We strive to live with nature (and make a living at the same time).  One of the side effects of living this way is frequent chuckling fits.  Here are some examples.
Yesterday I got to drive Blue.  He is the newest truck we have and is not used for daily chores, but is saved for things like picking up supplies from the feed store and hauling a trailer full of cattle to new fields.  On rare occasions he pulls a trailer over the Cascades or down the coast to get new breeding stock of cattle or sheep or pigs.
Well, imagine my surprise when I was shutting the tail gate and noticed small round poo in the bed.  Now I recognized that shape, and had a fleeting image of sheep in the bed of the truck.  That image lasted about as long as the sheep would have stayed in that situation.  I laughed.  What could it be?  The only other animal would be deer.  What would deer be doing in the truck bed?  Then I noticed directly behind the cab a handful of feed (apparently spilled from a previous trip).  Ah ha!  One of the deer that blesses us with frequent visits must have decided that spilled feed was worth jumping into the bed of Blue.  The image of the deer contently eating free food in the bed of a truck without interruption (a hunter’s dream) has been in my mind ever since and makes me chuckle every time I think of it.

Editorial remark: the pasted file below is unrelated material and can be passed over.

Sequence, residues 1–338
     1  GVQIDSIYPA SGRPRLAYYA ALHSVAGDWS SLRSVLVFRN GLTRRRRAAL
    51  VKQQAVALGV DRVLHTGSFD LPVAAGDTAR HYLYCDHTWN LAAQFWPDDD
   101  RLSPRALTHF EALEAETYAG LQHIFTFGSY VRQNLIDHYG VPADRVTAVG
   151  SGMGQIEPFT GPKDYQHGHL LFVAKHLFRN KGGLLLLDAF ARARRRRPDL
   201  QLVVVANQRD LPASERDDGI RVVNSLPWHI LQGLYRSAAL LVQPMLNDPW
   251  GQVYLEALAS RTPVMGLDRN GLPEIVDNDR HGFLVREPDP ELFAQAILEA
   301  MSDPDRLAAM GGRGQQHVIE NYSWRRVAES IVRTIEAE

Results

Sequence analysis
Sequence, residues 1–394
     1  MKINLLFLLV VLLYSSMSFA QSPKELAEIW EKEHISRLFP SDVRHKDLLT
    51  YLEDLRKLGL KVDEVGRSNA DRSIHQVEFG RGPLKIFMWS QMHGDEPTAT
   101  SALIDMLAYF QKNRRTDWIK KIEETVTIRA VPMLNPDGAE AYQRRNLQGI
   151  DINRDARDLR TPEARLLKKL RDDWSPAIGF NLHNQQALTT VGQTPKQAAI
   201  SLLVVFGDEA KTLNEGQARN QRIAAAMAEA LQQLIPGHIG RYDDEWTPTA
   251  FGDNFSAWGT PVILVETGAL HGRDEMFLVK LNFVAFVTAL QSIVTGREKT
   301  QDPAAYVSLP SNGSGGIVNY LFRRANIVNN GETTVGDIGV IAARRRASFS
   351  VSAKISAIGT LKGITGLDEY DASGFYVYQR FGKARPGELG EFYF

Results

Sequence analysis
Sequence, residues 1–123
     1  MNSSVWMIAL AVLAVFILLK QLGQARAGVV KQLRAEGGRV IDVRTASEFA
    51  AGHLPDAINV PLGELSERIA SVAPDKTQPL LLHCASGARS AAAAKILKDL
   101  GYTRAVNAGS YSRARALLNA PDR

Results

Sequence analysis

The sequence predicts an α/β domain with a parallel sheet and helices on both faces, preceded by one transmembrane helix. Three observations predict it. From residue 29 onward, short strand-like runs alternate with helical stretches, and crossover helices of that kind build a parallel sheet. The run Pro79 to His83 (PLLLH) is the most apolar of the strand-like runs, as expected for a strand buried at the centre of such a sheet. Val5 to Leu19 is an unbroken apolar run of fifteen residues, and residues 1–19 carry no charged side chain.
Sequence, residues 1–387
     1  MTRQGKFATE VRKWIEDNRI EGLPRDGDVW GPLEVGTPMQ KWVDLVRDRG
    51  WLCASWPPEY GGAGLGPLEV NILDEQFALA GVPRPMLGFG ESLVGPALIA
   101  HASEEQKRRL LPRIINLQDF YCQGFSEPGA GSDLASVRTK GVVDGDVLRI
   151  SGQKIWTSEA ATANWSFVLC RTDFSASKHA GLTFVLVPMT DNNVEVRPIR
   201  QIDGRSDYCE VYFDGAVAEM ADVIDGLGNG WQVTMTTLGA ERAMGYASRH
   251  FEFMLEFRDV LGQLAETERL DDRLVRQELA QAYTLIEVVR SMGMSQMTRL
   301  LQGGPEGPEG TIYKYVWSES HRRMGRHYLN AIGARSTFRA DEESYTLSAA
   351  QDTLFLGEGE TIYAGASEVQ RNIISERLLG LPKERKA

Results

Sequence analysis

About a week ago I was walking past the chick houses at dawn when I spied a familiar, ominous shape standing on a cross piece on the floor of an open door.  Usually this hoop house would be full of chickens, but today it only held the feed buckets full and ready with which to fill feeders.  My heart skipped a little as I thought about chicks being pecked off one by one by the young hawk that was waiting patiently.  My anger turned to relief as it flew off. On second thought I was confused when I remembered there were no chicks in that hoop house waiting there to be breakfast. Finally I laughed and was grateful when I realized the hawk’s breakfast was mice – not chicks.
One of the funniest creatures we share our farm with are the opossums.  They are slow and unpredictable.  One day I was just working around the place as usual and found a opossum had walked of the porch into a clean trash bucket left right next to the porch.  Now let me explain, our deck provided that opossum 112 lineal feet to use as a way to get off that porch.  That opossum chose the one lineal foot that would land it smack into a bucket that it could not get out of.  What really tickles me is that this has happened twice!

Yes, farming is routine and boring,  like many other jobs, but if I pay attention, I am rewarded with a good chuckle and a good story to share.

Comments are closed.

Jerry and Janelle Stokesberry - Owners
Jerry and Janelle Stokesberry   Owners

Environmentally friendly farming of chicken and turkey.